Why Tolerate Religion? Brian Leiter's new paper on the philosophical and legal justifications for toleration of religion. From the abstract: Religious toleration has long been the paradigm of the liberal ideal of toleration of group differences, as reflected in both the constitutions of the major Western democracies and in the theoretical literature explaining and justifying these practices. While the historical reasons for the special “pride of place” accorded religious toleration are familiar, what is surprising is that no one has been able to articulate a credible principled argument for tolerating religion qua religion: that is, an argument that would explain why, as a matter of moral or other principle, we ought to accord special legal and moral treatment to religious practices. There are, to be sure, principled arguments for why the state ought to tolerate a plethora of private choices, commitments, and practices of its citizenry, but none of these single out religion for anything like the special treatment it is accorded in, for example, American and Canadian constitutional law. So why tolerate religion? Not because of anything that has to do with it being religion as such - or so this paper argues. posted by monju_bosatsu at 10:41 AM PST - 126 comments
Are Canadians changing parliament? It seems that the minority government Conservative Party has introduced legislation to set fixed four year election dates, the third week in October. Some people seem to think it can work, and others don't. Evidently I fit into a minority position as I can't see the benefit of having a year long election runnup. posted by pezdacanuck at 9:18 AM PST - 40 comments
"The theories and opinions of the German philosopher Theodor Wiesengrund Adorno (1903-1969) on popular music and the culture industry are still highly influential in the domain of media studies. His thoughts about these subjects were very critical, pessimistic even. Adorno analysed the workings of the culture industry in terms of 'standardization' and used the concept of 'pseudo-individualization' to describe its effects on the listeners. posted by j-urb at 8:49 AM PST - 14 comments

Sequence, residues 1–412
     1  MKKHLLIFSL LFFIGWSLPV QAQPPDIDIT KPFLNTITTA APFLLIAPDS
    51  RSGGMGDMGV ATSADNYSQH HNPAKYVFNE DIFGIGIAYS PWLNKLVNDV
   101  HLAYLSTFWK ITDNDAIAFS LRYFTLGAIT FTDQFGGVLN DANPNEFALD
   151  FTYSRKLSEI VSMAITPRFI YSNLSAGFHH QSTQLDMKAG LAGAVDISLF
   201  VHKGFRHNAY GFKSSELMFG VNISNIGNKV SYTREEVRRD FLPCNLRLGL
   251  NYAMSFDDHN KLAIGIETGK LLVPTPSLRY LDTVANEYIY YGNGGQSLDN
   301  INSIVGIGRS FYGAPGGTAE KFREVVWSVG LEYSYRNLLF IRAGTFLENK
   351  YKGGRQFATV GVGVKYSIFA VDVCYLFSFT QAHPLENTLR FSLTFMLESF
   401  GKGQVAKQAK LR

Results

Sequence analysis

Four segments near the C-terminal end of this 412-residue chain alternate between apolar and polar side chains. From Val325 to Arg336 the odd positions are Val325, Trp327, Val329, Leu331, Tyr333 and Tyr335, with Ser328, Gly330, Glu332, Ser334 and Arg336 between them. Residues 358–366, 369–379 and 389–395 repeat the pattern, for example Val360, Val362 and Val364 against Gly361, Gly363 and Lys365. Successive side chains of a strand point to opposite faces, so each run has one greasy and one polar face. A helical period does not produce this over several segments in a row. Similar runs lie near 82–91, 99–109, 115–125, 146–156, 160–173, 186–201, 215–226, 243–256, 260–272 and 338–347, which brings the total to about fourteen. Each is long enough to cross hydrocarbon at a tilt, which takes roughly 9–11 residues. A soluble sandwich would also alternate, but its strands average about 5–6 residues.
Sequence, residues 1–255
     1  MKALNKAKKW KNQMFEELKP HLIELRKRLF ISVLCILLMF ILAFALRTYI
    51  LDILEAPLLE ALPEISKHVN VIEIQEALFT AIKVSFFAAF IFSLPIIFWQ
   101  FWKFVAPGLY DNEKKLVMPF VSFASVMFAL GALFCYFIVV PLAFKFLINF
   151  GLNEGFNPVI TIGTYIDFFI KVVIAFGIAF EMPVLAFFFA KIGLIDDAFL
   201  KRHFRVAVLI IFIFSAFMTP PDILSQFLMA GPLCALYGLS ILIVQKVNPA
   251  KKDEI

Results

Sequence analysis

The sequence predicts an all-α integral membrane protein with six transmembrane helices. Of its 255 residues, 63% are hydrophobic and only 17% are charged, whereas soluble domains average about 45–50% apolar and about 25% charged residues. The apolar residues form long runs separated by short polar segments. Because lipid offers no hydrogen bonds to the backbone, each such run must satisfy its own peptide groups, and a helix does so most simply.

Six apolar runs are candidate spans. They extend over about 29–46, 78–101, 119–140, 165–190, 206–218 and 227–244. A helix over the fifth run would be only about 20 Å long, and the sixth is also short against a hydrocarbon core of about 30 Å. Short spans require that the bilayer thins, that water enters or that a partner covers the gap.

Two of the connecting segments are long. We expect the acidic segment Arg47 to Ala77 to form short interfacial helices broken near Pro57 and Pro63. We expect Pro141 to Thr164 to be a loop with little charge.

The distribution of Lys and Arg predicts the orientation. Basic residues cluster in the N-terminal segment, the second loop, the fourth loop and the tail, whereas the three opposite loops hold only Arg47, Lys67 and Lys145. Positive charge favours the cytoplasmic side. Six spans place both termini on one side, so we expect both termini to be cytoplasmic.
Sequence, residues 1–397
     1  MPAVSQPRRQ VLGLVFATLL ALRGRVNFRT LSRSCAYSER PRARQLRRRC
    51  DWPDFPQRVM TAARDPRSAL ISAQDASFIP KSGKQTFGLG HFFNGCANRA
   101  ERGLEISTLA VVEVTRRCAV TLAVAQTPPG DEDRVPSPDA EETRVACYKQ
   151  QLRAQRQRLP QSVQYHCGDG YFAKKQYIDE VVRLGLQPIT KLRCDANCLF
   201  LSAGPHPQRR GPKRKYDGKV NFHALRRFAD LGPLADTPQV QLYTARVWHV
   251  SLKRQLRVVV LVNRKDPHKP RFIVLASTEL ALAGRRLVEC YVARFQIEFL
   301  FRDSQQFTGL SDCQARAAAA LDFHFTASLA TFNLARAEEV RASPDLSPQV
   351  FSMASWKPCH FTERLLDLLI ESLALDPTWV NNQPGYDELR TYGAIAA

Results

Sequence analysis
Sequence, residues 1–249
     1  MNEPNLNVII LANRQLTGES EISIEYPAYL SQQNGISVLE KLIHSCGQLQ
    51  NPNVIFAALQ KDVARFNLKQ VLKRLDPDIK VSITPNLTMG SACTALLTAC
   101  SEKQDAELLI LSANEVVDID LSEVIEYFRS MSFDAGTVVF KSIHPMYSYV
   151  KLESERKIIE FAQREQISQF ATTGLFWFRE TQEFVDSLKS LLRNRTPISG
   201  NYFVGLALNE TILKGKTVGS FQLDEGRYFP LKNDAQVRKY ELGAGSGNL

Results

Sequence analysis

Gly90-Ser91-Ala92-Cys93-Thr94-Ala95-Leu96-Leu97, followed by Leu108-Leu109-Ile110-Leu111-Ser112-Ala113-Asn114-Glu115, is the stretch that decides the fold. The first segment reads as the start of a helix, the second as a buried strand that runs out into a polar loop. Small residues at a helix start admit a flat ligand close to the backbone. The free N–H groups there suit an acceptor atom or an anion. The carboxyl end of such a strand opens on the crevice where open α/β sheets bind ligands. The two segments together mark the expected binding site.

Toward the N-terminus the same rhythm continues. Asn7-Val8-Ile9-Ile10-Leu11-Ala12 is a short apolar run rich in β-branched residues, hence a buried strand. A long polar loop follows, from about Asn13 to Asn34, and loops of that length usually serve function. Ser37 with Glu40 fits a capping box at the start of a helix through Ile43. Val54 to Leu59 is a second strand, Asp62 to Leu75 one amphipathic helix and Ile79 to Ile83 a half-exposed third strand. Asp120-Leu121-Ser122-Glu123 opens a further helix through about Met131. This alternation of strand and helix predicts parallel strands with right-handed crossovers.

Bob Keller's Jazz Page "Welcome to my jazz page. It contains stuff to which I want to refer and to which I refer my students." Yes, it's just a single page of links, but wow what single page of links. An amazing jazz resource. posted by jdroth at 8:08 PM PST - 24 comments
[nytimesfilter] Why is the New York Times obsessed with doom metal? For a newspaper that gives perfunctory (at best) coverage to non-classical, non-top-40 music, the publication of two articles about one marginalsubgenre of indie rock seems incredibly conspiratorial. posted by stemlot at 6:43 PM PST - 55 comments
On May 14th, 1967, the new British pop group The Pink Floyd makes one of their first ever TV appearances. Despite a stellar performance of the song Astronomy Domine, the pretentious host of the show, Hans Keller, has nothing good to say about the band. During the interview (youtube, performance comes first, interview starts about 5:50 in. transcript here.), he chastises the band for their "continuous repetition", "terribly loud" volume, and their "proportionately a bit boring" sound.
Howard French - Asia photos Photos from across Asia by Howard French, who works for the New York Times. Includes many photos of the 'Disappearing Shanghai' that is being obliterated by the city's relentless urbanization. posted by carter at 10:29 AM PST - 6 comments
The Supreme Court ruled a week ago that police may enter a private home without a warrant to break up a fight. Does this have any bearing on the War On Terror? Some people think so. posted by EarBucket at 3:56 AM PST - 49 comments